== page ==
Wednesday, September 12, 2007

TUC Congress: Wednesday morning

Last night’s bad news was that Bob Crow was voted off the TUC General Council. He was on last year, off the year before, on the year before that, so they are obviously going to have to fit a revolving door with his name above it. Despite my several criticisms of Brother Crow, it is obvious that he was voted off by right-wing union leaders’ votes because he doesn’t accept the TUC bureaucracy’s kissing of newLabour’s arse, and because he quite likes strikes. So yes, it is bad news, not least so because his exit may strengthen those isolationist voices with the RMT who would have us pull out of the TUC altogether.

Sadly, in an attempt to come out fighting this morning, Bob – seconding a Prison Officers’ Association resolution about prison officers’ union rights – made a comment about electing banjo players above strikers which misfired as an insult at the Musicians’ Union which had won the seat he used to occupy. Next time, Bob, stick to the subject of the resolution you are speaking on.

The next resolution was about the Shrewsbury pickets, 24 building workers convicted in 1973 under the 1875 Conspiracy and Protection of Property Act, who have still not had justice. Congress unanimously demanded a Parliamentary enquiry into their conviction, imprisonment and treatment behind bars.

Next up was an NUT resolution entitled ‘organising and independent trade unionism’. Although it didn’t explicitly say so, I think this is about NUT’s isolation following its correct decision not to sign up to a ‘partnership’ agreement that other education unions signed up to thus neutering themselves and helping the employers to attack their members. It was odd, then, that the GMB managed to second the resolution by doing a speech in favour of ‘partnership’. Honestly, I think their speaker would have claimed that a pork chop was a pig and butcher partnership (to paraphrase someone else’s joke).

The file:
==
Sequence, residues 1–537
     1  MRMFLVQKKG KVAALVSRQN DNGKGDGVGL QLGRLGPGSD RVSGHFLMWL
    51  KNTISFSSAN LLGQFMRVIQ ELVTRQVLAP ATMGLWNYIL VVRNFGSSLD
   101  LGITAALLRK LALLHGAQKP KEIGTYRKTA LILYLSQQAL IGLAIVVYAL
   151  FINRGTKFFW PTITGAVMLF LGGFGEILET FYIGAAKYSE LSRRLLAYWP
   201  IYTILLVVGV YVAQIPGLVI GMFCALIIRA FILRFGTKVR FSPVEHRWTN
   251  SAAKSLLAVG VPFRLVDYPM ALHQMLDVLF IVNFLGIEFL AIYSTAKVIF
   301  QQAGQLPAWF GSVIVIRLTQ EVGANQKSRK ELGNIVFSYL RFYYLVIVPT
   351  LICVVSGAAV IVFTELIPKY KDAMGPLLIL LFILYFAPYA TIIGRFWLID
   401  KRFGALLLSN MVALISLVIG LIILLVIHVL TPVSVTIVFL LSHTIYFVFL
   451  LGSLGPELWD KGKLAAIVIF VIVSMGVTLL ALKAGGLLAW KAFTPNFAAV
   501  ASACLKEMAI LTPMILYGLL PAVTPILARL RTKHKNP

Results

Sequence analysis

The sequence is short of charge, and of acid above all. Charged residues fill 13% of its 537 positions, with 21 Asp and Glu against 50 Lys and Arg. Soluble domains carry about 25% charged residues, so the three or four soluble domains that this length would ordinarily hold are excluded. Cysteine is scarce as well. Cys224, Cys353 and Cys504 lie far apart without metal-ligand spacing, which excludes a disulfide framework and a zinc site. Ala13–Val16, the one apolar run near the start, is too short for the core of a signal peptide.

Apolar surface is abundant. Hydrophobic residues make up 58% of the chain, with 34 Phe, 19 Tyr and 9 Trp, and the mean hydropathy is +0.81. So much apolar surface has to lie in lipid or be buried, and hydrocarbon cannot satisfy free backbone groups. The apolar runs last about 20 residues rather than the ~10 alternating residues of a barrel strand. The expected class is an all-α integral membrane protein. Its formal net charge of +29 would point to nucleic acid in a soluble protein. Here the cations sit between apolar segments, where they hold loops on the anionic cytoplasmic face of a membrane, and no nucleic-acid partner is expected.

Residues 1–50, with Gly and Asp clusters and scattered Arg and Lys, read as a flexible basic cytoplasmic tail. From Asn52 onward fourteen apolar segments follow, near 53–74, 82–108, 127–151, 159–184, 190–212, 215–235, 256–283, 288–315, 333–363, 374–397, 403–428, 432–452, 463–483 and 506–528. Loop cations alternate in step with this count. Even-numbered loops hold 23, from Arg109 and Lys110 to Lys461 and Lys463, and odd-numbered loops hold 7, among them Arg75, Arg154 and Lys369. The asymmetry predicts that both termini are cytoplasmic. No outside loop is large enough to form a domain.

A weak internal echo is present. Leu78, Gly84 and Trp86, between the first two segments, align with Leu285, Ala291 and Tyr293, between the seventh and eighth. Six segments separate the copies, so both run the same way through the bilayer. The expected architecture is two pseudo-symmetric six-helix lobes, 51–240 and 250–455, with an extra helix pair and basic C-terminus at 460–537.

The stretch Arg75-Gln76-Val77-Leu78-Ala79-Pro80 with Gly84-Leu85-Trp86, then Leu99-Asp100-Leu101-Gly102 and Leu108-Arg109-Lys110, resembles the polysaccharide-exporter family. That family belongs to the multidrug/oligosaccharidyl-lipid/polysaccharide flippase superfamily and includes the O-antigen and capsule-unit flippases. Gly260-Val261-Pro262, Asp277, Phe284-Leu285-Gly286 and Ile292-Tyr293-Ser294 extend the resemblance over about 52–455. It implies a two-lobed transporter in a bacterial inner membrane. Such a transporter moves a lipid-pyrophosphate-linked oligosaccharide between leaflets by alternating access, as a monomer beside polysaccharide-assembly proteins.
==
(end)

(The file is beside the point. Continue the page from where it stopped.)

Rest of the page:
The debate on migrant workers saw a TUC video and some determined speeches from the rostrum, the most notable of which was NUT delegate Kevin Courtney’s, as he pointed out that migrant workers are exploited not just by gangmasters and cowboy outfits, but by large corporate agencies and by governments.

On to minimum wage enforcement. After much welcoming of Gordon Brown’s pledge on Monday to improve enforcement, a PCS speaker reminded us that Brown made much the same promise last year, and told us what had happened to it. A promise to increase enforcement resources by 50% has translated in reality to the 80 compliance officers in post last December soon to be increased by a measly 8. HM Revenue and Customs has the resources to bring only six prosecutions per year, leaving all other cases for individual workers to challenge alone through the Tribunals. The poverty-paying employers must be well and truly not shaking in their shoes.

The snottily-named First Division Association had a wee moan at the PCS for daring to criticise HMRC management for failing to deliver enforcement. Apparently the senior managers are union members, and apparently that makes them immune from criticism. All I can say is that there are bosses where I work who hold trade union membership cards, but I won’t hold my tongue on their mistreatment of workers just on account of that.

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